Molting occurs once a year in adult birds, typically in late summer or early fall. At this time, your hens will lose most of their feathers and regrow new ones. While a molt usually won’t affect when your chickens first begin to lay, if they have been productive egg layers and suddenly stopped, it could be due to a molt.
There are three types of molts in chickens. A hard molt involves your hens losing most of their feathers all at once, which can be quite shocking to look at but luckily ends relatively quickly. A soft molt involves feathers being lost and regrown gradually, while the third type of molt is more sequential and occurs several times during the first year of a bird’s life.
Molting chickens usually won’t lay eggs because their bodies are using so much energy on the molt. This is a pretty stressful time. It can cause a loss of egg production for a few weeks or more, but you can help reduce the impact of molting by providing more and higher quality feed to your flock.
Again, you probably won’t notice broodiness affecting chickens that haven’t laid a single egg yet, but if you have an older hen that has stopped laying, it might be because she has gone broody. That being said, it’s not impossible – hens will frequently become broody on eggs that they didn’t even lay themselves.
Some breeds of chickens are more likely to go broody (or to go broody more often) than others. Broodiness will rarely last over 21 days- remember, this is the time that it takes for a chicken egg to hatch normally.
There are a number of parasites that can affect chickens, and if your hens are displaying signs like pale or discolored combs, watery feces, and, yes, a drop (or delay in starting) egg production, parasites could be to blame.
Most people (us included) don’t give our chickens a deworming medication because most dewormers are only effective on certain strains of parasites. Unless you know EXACTLY what kind of parasites your chickens have you can actually make your chickens sicker by giving them a type of medication they don’t actually need.
Your veterinarian can provide tests to determine whether parasites are to blame for your lack of egg production, but you can also engage in preventive care to avoid the problem altogether. Many people swear by diatomaceous earth mixed with feed at a ratio of two percent. We also use garlic on all of our animals as a natural dewormer, and have never had a single issue. Remember, rotational grazing and proper hygiene practices can also help keep parasites and other issues at bay!
If your chickens are sick or stressed out in the slightest, it can cause a delay in egg production. While parasites and infections like lice and mites are the most common health issues in chickens, there are plenty of diseases like fowl pox and coccidiosis that can permanently affect a hen’s laying ability.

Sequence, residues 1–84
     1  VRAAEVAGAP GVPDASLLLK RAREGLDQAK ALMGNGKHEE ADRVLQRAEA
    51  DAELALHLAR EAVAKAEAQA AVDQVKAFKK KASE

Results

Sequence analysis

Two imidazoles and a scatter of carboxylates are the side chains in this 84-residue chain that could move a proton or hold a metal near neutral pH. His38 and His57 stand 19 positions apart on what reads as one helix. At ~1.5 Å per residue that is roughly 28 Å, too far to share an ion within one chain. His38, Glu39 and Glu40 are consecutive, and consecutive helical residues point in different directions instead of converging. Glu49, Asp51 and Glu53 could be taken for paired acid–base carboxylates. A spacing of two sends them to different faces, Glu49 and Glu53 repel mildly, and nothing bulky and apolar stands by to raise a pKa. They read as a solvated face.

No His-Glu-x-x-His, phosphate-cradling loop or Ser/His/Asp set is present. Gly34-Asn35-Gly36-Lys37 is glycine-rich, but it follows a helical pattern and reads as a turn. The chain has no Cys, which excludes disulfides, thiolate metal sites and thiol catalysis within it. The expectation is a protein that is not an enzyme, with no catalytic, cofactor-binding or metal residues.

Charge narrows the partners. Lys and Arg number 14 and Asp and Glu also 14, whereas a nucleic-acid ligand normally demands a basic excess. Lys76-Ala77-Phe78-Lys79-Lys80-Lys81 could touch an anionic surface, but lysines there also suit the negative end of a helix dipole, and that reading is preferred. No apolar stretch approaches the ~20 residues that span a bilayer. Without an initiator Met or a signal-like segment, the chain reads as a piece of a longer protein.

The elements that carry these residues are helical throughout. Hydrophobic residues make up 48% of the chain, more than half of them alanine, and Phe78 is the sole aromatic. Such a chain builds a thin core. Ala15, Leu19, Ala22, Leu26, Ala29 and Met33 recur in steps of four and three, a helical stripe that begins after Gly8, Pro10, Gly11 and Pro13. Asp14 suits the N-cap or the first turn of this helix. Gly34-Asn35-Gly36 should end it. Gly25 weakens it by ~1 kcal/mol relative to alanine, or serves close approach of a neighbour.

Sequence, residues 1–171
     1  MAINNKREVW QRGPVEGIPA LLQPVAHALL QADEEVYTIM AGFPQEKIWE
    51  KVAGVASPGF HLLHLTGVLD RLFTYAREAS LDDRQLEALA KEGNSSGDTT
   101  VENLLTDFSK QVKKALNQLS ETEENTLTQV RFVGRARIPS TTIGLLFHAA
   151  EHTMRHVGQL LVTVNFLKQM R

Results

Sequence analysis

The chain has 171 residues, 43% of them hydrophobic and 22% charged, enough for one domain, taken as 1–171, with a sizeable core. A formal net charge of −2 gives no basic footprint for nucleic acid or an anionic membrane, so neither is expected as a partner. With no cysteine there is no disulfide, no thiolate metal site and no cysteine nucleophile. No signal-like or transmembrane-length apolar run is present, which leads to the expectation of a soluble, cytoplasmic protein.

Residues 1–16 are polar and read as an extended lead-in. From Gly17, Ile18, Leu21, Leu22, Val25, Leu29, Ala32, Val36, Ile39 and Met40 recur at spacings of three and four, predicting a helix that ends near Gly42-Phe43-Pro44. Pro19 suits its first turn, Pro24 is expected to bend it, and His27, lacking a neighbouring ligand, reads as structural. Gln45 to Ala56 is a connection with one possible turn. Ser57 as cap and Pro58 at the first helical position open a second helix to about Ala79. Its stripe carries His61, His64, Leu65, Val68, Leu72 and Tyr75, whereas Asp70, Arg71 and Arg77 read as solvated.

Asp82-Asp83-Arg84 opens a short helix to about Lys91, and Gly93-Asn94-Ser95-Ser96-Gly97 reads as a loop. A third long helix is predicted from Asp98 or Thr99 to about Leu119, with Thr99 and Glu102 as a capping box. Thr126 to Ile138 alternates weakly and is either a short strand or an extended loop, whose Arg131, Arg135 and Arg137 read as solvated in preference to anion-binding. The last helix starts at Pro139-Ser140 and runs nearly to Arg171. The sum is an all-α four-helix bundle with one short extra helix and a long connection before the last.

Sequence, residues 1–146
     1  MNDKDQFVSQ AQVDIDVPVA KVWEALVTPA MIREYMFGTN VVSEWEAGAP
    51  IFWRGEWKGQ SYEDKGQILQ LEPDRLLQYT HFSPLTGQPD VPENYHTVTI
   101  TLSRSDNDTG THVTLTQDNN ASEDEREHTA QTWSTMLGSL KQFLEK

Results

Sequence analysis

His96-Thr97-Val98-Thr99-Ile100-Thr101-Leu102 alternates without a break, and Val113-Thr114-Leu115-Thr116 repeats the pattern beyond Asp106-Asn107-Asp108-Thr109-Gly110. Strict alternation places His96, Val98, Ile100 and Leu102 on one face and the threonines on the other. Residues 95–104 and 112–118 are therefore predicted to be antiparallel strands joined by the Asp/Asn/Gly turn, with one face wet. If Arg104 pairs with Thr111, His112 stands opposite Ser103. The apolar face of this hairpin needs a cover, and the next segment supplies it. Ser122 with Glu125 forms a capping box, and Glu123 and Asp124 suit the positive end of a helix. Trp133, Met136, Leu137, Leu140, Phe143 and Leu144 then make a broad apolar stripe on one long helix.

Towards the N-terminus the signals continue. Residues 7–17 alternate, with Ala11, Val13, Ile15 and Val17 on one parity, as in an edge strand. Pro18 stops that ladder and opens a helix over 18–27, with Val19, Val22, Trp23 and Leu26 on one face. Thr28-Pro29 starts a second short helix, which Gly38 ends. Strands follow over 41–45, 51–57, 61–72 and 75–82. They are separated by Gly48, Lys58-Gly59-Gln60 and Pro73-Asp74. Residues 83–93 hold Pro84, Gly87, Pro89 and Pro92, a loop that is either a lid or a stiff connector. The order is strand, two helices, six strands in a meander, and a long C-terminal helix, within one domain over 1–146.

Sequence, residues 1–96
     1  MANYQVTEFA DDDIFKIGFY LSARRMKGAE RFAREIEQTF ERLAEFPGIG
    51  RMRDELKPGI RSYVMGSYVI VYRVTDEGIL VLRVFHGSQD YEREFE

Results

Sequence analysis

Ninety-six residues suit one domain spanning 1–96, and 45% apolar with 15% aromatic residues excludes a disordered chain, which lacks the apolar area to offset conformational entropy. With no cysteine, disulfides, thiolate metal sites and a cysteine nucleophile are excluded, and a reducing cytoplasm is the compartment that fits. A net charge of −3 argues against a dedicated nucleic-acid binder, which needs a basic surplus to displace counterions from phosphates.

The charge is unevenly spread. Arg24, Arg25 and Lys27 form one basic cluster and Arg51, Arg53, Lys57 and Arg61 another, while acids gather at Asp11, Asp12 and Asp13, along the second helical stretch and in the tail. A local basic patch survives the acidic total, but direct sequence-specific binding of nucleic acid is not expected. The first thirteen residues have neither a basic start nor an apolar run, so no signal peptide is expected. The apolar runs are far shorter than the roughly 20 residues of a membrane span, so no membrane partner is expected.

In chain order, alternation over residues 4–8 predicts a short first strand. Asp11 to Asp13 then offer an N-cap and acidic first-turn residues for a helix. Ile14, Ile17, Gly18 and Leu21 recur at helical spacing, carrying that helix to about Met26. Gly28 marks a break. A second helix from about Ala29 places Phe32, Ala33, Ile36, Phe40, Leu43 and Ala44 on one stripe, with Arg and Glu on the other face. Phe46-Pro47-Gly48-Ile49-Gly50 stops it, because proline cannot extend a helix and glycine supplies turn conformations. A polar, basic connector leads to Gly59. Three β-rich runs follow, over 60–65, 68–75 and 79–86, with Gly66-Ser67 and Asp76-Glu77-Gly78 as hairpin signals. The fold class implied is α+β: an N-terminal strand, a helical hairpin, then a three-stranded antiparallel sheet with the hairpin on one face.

To avoid this, make sure you always buy your hens from a reputable source, and be careful when introducing new birds to a closed flock.
Other stressors can delay laying, too. Adding or removing birds from a flock changes the pecking order and affects the dynamics of the group. This can cause a lot of anxiety among your flock, so you need to take care to introduce new chickens properly.
Nutrition plays a huge role in when your chickens are ready to lay. You need to make sure you aren’t cutting any corners with supplementation, and that the feed you are providing is well-balanced and nutritious.
Calcium deficiency is a common culprit behind delayed laying, and so you may need to supplement with oyster shells or ground up chicken egg shells.
If you keep finding signs that there perhaps was an egg, but there is no longer, there’s a possibility that your hens are eating them. Having to deal with hens who eat eggs is no fun,and it will certainly cut down on your egg production. Here are some tips on how to determine whether your hens are eating egg, as well as how to stop them from doing it.
This is one of the most frustrating things for a chicken keeper to deal with. You spend so much time building beautiful, functional nest boxes…and your hen continues to lay her eggs in a pile of poop underneath the roost bar.
Luckily, it’s easy to remedy a hen’s refusal to lay in a nest box. First, make sure there is plenty of room inside the box. Insufficient nesting space doesn’t just encourage your hens to find a new place to lay – it also results in crushed or broken eggs as the birds don’t have anywhere to sit down. This, in turn, can lead to unwanted behaviors like egg eating.
The worst case scenario is if your hen has decided that she wants to lay her eggs somewhere else entirely – for example, in a hidden nest outside in the yard. You may think your hen has stopped laying, but really, she’s just found a better spot to lay her eggs. To remedy this behavior, try keeping your hands in the coop for a few days to encourage them to lay inside.